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Do Nonprofits Need a Business License?

In the United States, no business license is required for nonprofits at the federal government level; however, many states, counties, and cities require non-profit organizations to register for a business license, also referred to as a Business Occupational Tax Certificate.

Therefore, it is very important for nonprofits to consult their local government to ensure they are in alignment with the necessary requirements. Note that nonprofits that don’t have a valid business license when one is needed may be prone to citations, penalties, and fines.

In the United States, every state has different laws and licenses expected from charities operating in the state. Presently, forty states are known to mandate charitable solicitation registration and some have adopted the Model Act Concerning the Solicitation of Funds for Charitable Purposes.

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The general rule is that a non-profit conducting charitable solicitation within the borders of a state will have to register before soliciting funds from residents of that state. Note that the registration process tends to involve application fees, certain vital documents, renewal deadlines, and annual financial reports requirements.

In addition, the organization will also steadily provide a copy of its 990 tax return. Although a good number of states leverage the uniform registration statement, each jurisdiction is somehow different. In most cases, the charity will also have to register the business entity with the Secretary of State, and if it will be operating or have a physical location in a city or town, it may be subject to local business license requirements.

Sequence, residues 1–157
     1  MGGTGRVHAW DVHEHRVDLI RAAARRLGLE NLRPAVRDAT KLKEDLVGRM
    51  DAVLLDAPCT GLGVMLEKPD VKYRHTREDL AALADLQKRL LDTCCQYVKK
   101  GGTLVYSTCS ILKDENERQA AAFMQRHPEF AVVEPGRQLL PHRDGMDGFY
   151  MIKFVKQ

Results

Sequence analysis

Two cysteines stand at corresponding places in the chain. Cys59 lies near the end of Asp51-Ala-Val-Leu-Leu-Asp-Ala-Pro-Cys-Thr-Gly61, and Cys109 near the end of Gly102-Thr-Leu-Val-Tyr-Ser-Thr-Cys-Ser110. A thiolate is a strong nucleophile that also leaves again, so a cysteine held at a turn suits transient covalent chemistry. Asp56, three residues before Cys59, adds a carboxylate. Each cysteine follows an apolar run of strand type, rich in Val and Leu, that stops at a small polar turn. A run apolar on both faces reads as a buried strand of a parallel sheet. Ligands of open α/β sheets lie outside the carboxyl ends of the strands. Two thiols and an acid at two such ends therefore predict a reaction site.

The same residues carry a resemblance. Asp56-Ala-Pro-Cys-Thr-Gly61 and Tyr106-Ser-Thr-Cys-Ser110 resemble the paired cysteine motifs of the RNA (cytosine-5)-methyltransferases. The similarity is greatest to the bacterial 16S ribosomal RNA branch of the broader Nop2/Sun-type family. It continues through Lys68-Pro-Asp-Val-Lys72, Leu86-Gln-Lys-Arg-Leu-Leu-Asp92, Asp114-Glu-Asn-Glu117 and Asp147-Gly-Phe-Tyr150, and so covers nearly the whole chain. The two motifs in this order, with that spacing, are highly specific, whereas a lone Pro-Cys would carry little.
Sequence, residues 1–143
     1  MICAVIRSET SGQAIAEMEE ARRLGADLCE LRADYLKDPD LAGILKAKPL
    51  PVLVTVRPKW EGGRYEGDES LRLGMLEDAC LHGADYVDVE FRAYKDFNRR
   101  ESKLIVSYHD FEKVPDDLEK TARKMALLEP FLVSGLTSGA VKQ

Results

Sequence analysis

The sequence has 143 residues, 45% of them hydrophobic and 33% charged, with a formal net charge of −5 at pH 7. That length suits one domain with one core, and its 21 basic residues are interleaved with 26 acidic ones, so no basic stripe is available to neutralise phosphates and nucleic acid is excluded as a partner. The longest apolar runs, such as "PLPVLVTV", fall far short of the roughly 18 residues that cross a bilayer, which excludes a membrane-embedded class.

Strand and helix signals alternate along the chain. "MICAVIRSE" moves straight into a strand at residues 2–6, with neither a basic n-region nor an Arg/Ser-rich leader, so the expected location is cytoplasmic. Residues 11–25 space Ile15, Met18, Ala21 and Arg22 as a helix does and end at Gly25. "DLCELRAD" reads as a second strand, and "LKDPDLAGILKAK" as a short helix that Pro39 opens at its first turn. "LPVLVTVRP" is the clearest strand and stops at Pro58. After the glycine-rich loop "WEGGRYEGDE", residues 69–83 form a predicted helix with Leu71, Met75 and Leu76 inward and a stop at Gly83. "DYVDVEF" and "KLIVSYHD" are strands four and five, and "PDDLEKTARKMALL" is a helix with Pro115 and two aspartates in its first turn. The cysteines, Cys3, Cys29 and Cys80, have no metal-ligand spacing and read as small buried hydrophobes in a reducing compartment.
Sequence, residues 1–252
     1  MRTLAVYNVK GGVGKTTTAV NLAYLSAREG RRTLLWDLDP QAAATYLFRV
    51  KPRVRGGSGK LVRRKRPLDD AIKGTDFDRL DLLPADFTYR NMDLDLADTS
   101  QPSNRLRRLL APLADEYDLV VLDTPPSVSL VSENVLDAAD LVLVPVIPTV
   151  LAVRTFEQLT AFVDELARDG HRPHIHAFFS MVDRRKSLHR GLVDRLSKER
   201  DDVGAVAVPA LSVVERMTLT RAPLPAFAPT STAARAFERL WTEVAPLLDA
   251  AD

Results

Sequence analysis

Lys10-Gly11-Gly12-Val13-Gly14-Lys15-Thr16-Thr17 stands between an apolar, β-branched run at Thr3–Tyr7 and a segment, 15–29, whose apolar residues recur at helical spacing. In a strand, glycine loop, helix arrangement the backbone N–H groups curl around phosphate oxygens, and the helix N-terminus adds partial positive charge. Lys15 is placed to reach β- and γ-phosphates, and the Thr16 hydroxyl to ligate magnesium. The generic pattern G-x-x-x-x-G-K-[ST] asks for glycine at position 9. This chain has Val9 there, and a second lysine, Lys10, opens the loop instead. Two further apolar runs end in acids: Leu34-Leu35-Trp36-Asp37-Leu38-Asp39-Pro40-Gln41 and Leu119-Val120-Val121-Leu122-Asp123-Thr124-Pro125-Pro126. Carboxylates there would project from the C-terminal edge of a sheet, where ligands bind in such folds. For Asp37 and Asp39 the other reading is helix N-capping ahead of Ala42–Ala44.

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Some states also offer sales tax exemption to some types of charities and nonprofits. However, to qualify, the charity will have to register with the state department of taxation or revenue.

Note that nonprofits can leverage sales tax exemption certificates to source goods and services peculiar to the organization’s function. Charities are a valuable and important part of our society. But regardless of how noble the cause is, each charity is still expected to be properly formed before operating, and this requires time and planning.

Have it in mind that running a non-profit organization can be a wonderful way to raise money to help out your community or a cause you support. However, to be noted as a non-profit, your organization will have to be properly established to serve the public by fulfilling a specific mission or community need.

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Always remember that nonprofits function just like traditional corporations, receiving the same legal and asset protection, but mainly without a good number of the tax burdens for-profit businesses have to bear.

Other Requirements Needed to Start a Nonprofit

To start a non-profit organization in the United States requires solid planning and strong fund-raising channels. There are certain requirements you have to be aware of, and they include;

  1. Business Entity

Nonprofits operating without the proper registrations and licensure may be prone to penalties and closure. Owing to that, the very first step to starting a non-profit is to create a business entity. Have it in mind that this involves establishing a non-profit trust, association, or corporation with the Secretary of State (or equivalent state agency). This may also involve establishing and appointing a board of directors.

  1. Name Registration

Aside from registering your business entity, you will also be expected to register the name of your non-profit so that no one else can use your company or corporation’s business name. To successfully register an assumed name that will be used by your organization, the name must not in any way be in use by any other entity, irrespective of whether that entity is for-profit or not.